2019 | 272pp | £20
How many giraffes can you see? Too many to count. This seems unlikely – unless you are an artificial intelligence algorithm trained on a dataset in which giraffes were somewhat overrepresented.
As Janelle Shane explains in her book on how artificial intelligence works and why it’s making the world a weirder place, accidental over-inclusion of giraffes in image collections used to train AIs is exceedingly likely. The presence of a giraffe is so rare and exciting that you are almost certain to take a photo.
An optical physicist, Shane documents such eccentricities of AI on her blog and Twitter feed, which she has now expanded into this delightful book. The title comes from an experiment she ran to see if an AI could generate human-acceptable pick-up lines. The results were, as you can see, mixed.
This is the crux of Shane’s highly compelling argument about AI: its danger doesn’t come from exceeding intelligence – human-like AI remains firmly within the realm of science fiction – but from the very weird things that narrowly focused algorithms do. Like the self-driving car algorithm that identified a sideways-on lorry as a road sign, causing a fatal accident. As artificial intelligence becomes ever more deeply embedded in our modern digital lives, it behoves us all to understand it better and know its limitations and failings.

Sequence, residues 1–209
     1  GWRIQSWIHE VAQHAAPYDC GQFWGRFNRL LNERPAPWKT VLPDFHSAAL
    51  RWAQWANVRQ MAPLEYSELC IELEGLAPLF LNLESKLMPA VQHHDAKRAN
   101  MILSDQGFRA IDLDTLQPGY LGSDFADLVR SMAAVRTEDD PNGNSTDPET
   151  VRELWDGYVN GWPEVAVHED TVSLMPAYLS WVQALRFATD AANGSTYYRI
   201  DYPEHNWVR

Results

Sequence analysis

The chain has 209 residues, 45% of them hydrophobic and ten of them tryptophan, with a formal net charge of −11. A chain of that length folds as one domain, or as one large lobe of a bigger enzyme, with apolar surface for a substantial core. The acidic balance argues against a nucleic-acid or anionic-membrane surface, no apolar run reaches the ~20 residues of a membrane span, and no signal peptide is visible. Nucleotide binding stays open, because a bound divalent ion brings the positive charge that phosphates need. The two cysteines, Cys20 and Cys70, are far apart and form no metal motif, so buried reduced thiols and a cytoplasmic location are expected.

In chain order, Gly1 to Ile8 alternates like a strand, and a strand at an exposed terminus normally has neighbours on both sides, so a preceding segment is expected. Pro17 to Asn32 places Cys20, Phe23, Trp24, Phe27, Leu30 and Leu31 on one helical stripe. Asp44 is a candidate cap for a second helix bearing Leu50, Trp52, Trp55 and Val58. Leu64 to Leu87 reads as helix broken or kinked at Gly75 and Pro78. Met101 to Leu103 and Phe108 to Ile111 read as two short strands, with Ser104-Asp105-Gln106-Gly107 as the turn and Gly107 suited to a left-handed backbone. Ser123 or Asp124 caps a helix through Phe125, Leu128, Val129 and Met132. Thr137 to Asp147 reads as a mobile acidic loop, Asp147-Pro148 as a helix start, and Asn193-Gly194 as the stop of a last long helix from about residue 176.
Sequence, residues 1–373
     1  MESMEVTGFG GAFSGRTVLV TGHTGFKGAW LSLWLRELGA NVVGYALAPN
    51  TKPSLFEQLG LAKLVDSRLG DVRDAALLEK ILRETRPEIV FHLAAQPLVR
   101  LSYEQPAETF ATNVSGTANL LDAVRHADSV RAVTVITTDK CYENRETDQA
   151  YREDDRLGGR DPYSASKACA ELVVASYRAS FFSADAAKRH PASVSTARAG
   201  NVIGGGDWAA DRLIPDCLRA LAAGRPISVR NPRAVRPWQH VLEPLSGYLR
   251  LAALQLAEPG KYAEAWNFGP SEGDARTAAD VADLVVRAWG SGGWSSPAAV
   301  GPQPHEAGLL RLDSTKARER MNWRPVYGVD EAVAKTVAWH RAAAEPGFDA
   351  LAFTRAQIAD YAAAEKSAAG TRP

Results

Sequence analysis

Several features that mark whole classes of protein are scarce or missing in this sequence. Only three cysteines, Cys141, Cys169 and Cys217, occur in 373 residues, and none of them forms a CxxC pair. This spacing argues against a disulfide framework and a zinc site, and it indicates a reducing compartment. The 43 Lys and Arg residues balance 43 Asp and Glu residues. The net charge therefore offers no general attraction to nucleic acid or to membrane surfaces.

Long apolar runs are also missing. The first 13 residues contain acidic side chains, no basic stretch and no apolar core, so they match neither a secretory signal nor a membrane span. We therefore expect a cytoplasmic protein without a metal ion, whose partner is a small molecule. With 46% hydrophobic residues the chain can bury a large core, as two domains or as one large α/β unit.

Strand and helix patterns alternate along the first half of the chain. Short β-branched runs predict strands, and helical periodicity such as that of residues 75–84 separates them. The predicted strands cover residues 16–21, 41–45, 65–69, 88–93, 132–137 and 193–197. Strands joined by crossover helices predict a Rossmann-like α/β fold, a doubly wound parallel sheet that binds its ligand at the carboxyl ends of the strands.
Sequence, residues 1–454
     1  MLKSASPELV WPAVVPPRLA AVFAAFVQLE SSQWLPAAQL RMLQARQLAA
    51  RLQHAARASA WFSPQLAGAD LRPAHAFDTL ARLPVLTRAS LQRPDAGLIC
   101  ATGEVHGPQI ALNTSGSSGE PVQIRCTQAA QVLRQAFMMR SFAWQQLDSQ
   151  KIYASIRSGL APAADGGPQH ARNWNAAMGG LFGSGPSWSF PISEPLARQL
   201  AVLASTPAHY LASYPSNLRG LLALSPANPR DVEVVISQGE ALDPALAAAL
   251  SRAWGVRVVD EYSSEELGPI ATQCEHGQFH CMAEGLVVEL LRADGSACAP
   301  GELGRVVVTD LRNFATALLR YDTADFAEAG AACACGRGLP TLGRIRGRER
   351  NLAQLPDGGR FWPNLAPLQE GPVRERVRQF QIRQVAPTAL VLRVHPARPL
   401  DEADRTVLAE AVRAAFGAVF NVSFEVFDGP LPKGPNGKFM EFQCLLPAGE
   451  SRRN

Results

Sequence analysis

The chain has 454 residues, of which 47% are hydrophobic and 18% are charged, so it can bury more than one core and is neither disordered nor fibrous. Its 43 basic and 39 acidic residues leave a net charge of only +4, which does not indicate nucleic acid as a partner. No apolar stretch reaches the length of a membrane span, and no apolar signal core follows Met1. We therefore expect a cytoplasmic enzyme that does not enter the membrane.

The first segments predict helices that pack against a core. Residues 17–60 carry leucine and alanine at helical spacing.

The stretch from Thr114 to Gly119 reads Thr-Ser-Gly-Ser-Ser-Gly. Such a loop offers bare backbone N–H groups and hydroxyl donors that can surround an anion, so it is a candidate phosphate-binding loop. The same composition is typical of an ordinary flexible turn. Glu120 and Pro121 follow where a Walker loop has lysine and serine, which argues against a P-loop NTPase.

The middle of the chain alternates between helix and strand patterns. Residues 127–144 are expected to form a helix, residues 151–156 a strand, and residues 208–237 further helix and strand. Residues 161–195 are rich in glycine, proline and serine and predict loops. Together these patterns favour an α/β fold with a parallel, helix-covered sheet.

I really loved this book, and, if you like your serious science accompanied by very cute cartoon illustrations, you will too. Shane’s explanations are not only laugh-out-loud hilarious but also so accessible. Reading the book moved me to go do my own experiments in AI weirdness, like playing with predictive text on my smartphone and chatting with virtual chat bots about giraffes. I feel much better informed as a result.
This book features in our book club podcast, which you can listen to here.
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